What I Learned From Traveling With A Little Money and A Lot of Love
I got the idea to study abroad in Australia in the 3rd grade when I was given an assignment on the countries of the World. I learned about koalas and kangaroos, but what I loved most were the beaches. Australia, literally, had beaches everywhere. And as a 3rd grader living in Pittsburgh, Pennsylvania, beaches were few and far between. While I didn’t understand the concept of “studying abroad”, I did know that I wanted to go to this magical place called Australia with kangaroos, koalas, and beaches.
Fast forward 10 years and I’m a senior in high school, about to leave for Madrid, Spain as part of an exchange program through my school. How did I get here? I just applied. Shady Side Academy, my alma mater, had a very competitive exchange program that a majority of my classmates planned on participating in. I never assumed I’d be accepted, but I did know I was going to try. Like Australia, Spain was a far away land that had pretty people and provided an opportunity to see something different than what I was used to. So I applied and a few weeks later I found out I had been accepted and had an exchange student, named Carlota, on her way to live with my family and I for 2 months.
But along with her coming to stay with us, I too, would be going to stay with her family later that year. This desire to travel took my parents by surprise, at first. No one in my household owned a passport and the idea of me going to a country that was an entire ocean away was something that took time to process. By no means are they alone, though. Only about 46% of the American population owns a passport, 40% in my home state of Pennsylvania.
It never occurred to me that so many Americans had never left our country. Growing up, I was surrounded by people my age who were constantly traveling. I felt like I was the only one without a passport.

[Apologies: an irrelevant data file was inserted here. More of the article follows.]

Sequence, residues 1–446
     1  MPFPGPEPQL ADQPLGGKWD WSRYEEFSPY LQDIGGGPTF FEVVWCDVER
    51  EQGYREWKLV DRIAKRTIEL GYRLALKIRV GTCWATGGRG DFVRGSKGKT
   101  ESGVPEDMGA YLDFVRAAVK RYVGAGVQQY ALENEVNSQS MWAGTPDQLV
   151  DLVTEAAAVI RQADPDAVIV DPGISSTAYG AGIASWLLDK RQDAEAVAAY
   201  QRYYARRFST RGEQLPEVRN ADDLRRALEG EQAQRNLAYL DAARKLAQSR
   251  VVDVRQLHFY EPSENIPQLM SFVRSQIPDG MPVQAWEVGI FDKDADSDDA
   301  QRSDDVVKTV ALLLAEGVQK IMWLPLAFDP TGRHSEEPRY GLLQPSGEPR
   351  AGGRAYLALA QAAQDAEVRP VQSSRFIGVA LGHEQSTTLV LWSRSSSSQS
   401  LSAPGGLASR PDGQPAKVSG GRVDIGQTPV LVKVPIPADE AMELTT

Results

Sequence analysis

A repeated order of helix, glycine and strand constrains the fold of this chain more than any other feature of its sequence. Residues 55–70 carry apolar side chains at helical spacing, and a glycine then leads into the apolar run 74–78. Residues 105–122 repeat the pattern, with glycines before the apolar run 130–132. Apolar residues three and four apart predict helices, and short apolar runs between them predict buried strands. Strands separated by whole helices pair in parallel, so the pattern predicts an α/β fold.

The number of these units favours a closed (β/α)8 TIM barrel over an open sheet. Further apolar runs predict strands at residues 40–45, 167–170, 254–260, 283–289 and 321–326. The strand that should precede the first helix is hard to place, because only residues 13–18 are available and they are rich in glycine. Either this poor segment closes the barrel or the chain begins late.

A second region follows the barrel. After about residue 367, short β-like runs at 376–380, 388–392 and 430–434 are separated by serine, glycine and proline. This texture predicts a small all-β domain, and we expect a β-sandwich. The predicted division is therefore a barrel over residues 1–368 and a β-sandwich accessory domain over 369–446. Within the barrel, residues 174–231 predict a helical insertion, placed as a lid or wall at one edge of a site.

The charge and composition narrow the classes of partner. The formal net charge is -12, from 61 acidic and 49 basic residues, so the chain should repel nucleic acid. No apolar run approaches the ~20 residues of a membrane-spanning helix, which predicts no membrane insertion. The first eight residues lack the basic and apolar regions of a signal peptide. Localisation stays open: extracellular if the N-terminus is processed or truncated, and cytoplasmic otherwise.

I don’t come from a wealthy family. When I learned I could go to Spain, my mother wasn’t working and my father was a teacher. However I went to school with millionaires, kids whose parent were CEO’s of insurance companies and the Rooney’s, who own the NFL franchise, Pittsburgh Steelers. I’d been going to school with the same people since I was 7 years old, so I lived all my cognitive life with individuals who were leaps and bounds more financially stable than I. And while it was hard to see all your classmates with 4 pairs of Uggs and the newest iPhone, there is something to be said about growing up surrounded by possibility. They could go to Paris and Greece, so why couldn’t I? I credit much of my dream to travel to the environment I grew up in. Even though I wasn’t going on international spring break trips every year and didn’t own a summer house in the Hampton’s, I was going to go to Spain.
And I did.
Applying for an exchange trip with no idea how you’ll pay for it is something kids do. There is no thought of plane tickets or living expenses, you only see the possibilities. And to this day, I thank my immature self for just going for it. Had I told my parents I was planning on applying for this program, like most people would, I probably wouldn’t have gotten the green light from them, because there was no doubt it would be expensive. Instead I applied, found out I had been accepted, and only then did I let them know someone would be living with us for 2 months. Someone they would have to feed and take care of and show that part of the World to. Having Carlota stay with my family turned out to be one of the most rewarding experiences, though, and not just for me, but for my family as well. She bonded with my brother better than I could’ve ever expected. He taught her how to play American football and after a few weeks into her trip, he was introducing her as his other big sister. All because I just went for it. Her staying with us turned out to be easy, but getting me to Spain was something else entirely.